I have been a fan of these games for a long, long time in arcades. It was always such a treat to find a good, working Gunblade NY machine somewhere, though it did eat quarters like nobody's business, it was well worth it. The huge screen, the powerful, rumbling kickback of the machine gun, the fast action and great colors, it was incredible. I'd told friends, if I owned one arcade machine, ever, it would be Gunblade NY. From what I'd heard, this insane monstrosity of a machine was somewhere around $13,000 to buy. And I was considering selling my car and taking the bus to get one at one point, but that passed thankfully.
For awhile, there were rumours of a Sega Saturn port of the game, which would have been, on many fronts, incredibly difficult. The Saturn had a great light gun, but with no kickback and limited graphics power, questions were many regarding how this would ever come together. The Gunblade NY arcade machine ran on what was called the Model 2 Sega Arcade board, which was the board that ran, if I recall correctly, Virtua Cop 2 and Virtua Fighter 2. Both of which were respectably ported to the Saturn, but at great effort. And simply, Gunblade wasn't as commonly found in arcades (due surely to its great expense, being so big and whatnot), and wouldn't have been as popular despite how fun it is, so not worth the effort in all likelihood.
L.A. Machine Guns was a machine I only saw a couple of times. It was more expensive to play (I think it was around a buck a pop, and set to only give you one hit / one life per play!), but it was gorgeous. I believe it ran on the incredible Sega Model 3 arcade board, which to this day is my favorite arcade board of all time. I loved to pieces the graphics of everything that came out using this hardware (Virtua Fighter 3, Star Wars Trilogy, amongst others), and L.A. Machine Guns just looked incredible. I never heard it rumoured for a home system, even the mighty Dreamcast, and that was a shame. Even more of a shame since the Model 3 arcade machines cost something like $15,000 to buy, too much for most arcades.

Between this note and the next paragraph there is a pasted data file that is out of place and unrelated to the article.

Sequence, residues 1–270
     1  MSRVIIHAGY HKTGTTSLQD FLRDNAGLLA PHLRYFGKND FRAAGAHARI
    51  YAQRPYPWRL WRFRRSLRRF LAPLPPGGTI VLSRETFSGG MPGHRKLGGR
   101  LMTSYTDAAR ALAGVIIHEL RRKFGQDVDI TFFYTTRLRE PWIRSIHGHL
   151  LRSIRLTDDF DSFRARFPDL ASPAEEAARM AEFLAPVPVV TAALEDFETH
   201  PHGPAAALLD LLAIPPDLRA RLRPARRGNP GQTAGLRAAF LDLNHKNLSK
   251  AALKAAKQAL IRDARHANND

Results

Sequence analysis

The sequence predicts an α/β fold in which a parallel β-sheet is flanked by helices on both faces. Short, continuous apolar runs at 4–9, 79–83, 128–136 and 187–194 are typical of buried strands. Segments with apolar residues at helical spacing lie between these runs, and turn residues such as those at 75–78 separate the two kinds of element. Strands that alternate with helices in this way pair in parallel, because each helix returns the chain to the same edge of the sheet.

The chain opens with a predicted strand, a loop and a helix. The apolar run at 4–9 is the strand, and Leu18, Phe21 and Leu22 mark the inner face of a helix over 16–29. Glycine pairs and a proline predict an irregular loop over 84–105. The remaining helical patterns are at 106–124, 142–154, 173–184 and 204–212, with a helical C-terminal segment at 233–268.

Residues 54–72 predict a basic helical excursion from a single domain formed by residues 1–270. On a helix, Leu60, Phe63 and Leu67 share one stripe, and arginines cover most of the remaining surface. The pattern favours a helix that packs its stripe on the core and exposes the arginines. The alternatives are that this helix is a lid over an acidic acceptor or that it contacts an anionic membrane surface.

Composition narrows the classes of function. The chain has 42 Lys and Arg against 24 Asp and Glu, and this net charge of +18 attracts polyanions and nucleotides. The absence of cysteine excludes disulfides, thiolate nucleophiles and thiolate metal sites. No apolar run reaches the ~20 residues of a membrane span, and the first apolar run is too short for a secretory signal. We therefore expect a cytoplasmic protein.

And then yesterday, while I was casually browsing my local game store, I see a familiar image on the front of a used Wii game.... Could it really be? No, that's silly. But there it is, this special collection. I immediately went home and grabbed four current generation games I had for my Xbox 360 to trade (games now just aren't as good as they used to be, I tell you). And got myself the game as well as a Wii Zapper (with Link's Crossbow Training) to emulate the machine gun style. But I kept thinking, it just won't feel the same. The rumble won't be as powerful, it'll feel different and weird...
But it doesn't. It's amazing. Using the Zapper with two hands, with the graphics ported perfectly from the arcade to home, broadcast onto my 44" LCD Projection TV... It feels just like, and probably better than, the arcade versions of these games. The rumble in your arms isn't as insanely tumultuous as the arcade machine, of course, but the rumble that's there is quite good. There are some extra new upgraded weapons to be earned, and everything looks, plays, sounds and feels just like it did on the arcade machine. There are no extras (I would've enjoyed some brief little 2-minute arcade retrospective or history), but that's okay. What's here is a real treat, and I'm ecstatic that it not only showed up, but is as good as one could hope for.
Arcade fans, get ready for some serious stress relief, Sega style. :-)